One afternoon earlier this spring, six teams of third-year PharmD students gathered in Aresty Auditorium, dressed in business attire, laptops loaded up with Powerpoint presentations.
With white coats no where to be found, each team had come prepared to present the best business plan for bringing “Alzban,” a fictional cure for Alzheimer’s disease, to market.
Each cross-functional team presented a detailed business plan, with each member taking on a unique leadership role, either as CEO, Chief Marketing Officer or Chief Medical Officer.
The competition, judged by a panel of pharmaceutical industry leaders, is the brainchild of adjunct assistant professor Ed Lieskovan, who for more than a decade has included the event as the final milestone in the popular semester-long elective he teaches, “Pharmaceutical Development and Commercialization.”
Dr. Lieskovan – formerly with Eli Lilly & Co, where he was involved with the launch of Prozac and other drugs – takes time out of his business ventures to teach the course each spring, bringing in as guest lecturers top pharmaceutical industry executives who also happen to be Trojan alumni, including Richard Spivey, former Senior Vice President of Allergan.
The goal? Help pharmacy students build self-confidence, learn to work in teams and develop the interpersonal and problem-solving skills they’ll need as the profession expands and becomes increasingly interdisciplinary.
“The whole game is changing”
The course stands out from others, says third-year PharmD student Krysty Avila, because of the real-life access it provides to networking opportunities that lead to summer internships, rotations and other industry opportunities. “It truly is a unique opportunity and I’m glad to have been able to gain this exposure as a student at USC.”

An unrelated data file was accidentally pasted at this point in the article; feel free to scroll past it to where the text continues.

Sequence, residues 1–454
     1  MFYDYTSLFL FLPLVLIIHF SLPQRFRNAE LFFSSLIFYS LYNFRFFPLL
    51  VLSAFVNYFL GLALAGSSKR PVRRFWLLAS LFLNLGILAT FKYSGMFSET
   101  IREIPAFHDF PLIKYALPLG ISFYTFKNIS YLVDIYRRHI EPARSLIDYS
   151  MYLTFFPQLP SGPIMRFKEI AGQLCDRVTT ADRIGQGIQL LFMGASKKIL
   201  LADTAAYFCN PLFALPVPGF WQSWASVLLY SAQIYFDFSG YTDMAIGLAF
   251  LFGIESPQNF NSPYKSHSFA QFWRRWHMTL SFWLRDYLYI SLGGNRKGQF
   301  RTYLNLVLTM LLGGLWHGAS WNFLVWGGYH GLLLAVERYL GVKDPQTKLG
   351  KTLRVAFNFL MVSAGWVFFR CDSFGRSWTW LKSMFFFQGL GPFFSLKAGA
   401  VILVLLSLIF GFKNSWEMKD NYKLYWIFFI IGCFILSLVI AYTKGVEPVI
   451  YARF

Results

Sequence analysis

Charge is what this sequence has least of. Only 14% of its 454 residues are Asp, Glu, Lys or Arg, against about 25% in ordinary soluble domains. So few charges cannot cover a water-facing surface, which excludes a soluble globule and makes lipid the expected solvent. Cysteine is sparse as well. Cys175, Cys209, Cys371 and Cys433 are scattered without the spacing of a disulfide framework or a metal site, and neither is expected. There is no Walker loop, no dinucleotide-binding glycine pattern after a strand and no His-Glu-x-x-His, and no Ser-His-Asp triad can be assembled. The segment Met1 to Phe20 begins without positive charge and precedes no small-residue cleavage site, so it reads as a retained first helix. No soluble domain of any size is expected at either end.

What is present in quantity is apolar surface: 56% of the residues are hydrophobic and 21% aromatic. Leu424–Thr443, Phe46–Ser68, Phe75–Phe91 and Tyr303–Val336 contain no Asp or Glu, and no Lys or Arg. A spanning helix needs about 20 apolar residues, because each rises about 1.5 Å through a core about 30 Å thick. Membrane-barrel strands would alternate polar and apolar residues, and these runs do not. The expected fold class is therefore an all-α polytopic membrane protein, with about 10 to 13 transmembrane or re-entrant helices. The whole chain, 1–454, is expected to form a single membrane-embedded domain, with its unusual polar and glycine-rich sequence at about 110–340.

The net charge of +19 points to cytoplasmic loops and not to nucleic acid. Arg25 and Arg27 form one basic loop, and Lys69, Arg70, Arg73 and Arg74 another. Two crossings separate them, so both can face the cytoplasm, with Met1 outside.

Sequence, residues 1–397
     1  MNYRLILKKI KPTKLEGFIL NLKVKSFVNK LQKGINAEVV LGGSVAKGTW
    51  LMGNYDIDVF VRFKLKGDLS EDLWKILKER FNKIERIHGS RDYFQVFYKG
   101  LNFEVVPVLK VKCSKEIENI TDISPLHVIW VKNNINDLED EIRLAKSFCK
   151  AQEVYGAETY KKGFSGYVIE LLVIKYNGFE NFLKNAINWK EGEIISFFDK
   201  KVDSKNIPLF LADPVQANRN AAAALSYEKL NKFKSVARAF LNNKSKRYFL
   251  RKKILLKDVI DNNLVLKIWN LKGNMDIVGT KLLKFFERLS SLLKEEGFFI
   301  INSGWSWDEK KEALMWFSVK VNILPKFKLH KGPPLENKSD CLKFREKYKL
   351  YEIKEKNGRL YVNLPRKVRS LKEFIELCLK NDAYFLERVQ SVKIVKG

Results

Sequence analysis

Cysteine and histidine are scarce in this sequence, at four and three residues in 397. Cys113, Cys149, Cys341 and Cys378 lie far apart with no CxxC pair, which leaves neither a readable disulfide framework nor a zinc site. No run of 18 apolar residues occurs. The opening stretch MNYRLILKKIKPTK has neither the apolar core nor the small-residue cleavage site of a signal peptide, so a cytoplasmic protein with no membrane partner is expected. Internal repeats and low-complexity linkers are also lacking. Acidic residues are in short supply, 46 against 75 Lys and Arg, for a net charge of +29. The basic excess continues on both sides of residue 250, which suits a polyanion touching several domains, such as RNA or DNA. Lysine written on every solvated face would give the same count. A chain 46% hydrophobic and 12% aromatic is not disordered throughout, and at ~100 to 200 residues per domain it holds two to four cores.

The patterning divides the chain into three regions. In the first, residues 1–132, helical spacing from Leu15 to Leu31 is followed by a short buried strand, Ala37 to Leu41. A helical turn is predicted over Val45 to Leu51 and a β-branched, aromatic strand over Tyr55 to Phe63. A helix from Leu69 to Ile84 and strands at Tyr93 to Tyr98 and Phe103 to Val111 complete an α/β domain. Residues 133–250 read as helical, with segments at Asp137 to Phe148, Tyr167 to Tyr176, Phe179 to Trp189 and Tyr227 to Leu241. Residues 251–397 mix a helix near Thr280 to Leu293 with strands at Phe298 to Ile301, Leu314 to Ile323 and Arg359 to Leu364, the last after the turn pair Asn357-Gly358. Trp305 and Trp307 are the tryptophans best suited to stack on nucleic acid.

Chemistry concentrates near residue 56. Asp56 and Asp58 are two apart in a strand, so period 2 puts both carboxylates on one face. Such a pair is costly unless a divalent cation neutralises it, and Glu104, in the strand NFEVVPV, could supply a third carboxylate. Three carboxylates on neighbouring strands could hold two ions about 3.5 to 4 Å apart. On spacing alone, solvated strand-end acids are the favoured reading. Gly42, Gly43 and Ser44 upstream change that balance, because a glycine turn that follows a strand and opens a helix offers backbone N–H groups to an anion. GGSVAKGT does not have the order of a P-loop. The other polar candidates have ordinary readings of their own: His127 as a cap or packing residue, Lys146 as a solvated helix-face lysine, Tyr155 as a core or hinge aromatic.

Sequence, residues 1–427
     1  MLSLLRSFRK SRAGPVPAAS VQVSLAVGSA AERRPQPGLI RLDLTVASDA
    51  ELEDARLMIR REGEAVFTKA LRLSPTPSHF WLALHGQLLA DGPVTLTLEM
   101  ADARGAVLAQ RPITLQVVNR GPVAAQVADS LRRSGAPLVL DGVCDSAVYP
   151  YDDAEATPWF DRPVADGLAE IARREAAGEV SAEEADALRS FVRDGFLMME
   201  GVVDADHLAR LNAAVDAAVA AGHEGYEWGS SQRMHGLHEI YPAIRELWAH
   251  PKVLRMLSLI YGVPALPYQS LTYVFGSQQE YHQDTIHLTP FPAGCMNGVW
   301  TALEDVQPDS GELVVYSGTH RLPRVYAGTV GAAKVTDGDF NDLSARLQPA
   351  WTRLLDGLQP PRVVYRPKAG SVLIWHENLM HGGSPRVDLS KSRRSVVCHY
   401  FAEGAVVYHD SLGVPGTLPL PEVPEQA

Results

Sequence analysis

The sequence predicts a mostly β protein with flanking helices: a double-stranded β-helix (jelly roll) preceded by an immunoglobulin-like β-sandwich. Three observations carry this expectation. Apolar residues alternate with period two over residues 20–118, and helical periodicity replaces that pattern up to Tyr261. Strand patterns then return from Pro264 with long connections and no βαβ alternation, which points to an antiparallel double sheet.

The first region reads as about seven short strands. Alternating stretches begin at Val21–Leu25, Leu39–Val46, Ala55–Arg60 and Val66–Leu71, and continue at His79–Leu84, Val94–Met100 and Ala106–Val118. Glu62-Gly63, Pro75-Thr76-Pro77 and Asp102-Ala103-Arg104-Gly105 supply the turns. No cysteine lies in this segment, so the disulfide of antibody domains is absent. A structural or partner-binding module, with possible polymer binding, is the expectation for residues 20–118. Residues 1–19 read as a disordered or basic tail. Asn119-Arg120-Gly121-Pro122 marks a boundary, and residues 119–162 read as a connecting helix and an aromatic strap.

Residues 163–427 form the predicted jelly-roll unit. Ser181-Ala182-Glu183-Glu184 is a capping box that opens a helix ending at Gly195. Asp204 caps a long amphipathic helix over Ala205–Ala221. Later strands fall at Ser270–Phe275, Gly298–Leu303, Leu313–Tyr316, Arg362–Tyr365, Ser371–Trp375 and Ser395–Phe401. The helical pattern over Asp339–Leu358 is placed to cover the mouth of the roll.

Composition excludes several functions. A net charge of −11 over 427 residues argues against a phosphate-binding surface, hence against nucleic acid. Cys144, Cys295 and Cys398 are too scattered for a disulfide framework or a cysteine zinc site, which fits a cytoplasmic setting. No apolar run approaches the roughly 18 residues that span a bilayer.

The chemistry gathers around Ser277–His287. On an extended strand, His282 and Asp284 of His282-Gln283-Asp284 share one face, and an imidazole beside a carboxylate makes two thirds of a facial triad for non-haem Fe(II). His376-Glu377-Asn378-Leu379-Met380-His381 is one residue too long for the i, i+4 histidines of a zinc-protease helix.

With increasing numbers of pharmacists entering the profession every year, taking on greater responsibility in patient care and stepping outside traditional practice settings, business skills and networking are key, Lieskovan says.
“The whole game is changing,” Lieskovan says. “We need to pay attention to the marketplace. We need pharmacists thinking and solving problems, not just dispensing.”
Lieskovan, whose uncle graduated from USC School of Pharmacy in 1913, traces the beginnings of his passion for mentoring to his own experience as a pharmacy student at USC in the 1980s, when Fred Weissman, Associate Dean for Academic and Clinical Affairs, helped him get his first job. That moment, Lieskovan says, was his introduction to USC as a “world-class system of mentors.”
“This is how the world works,” Lieskovan says. “If our students can be mentored by these kinds of people, with the brains they have, their careers will skyrocket.”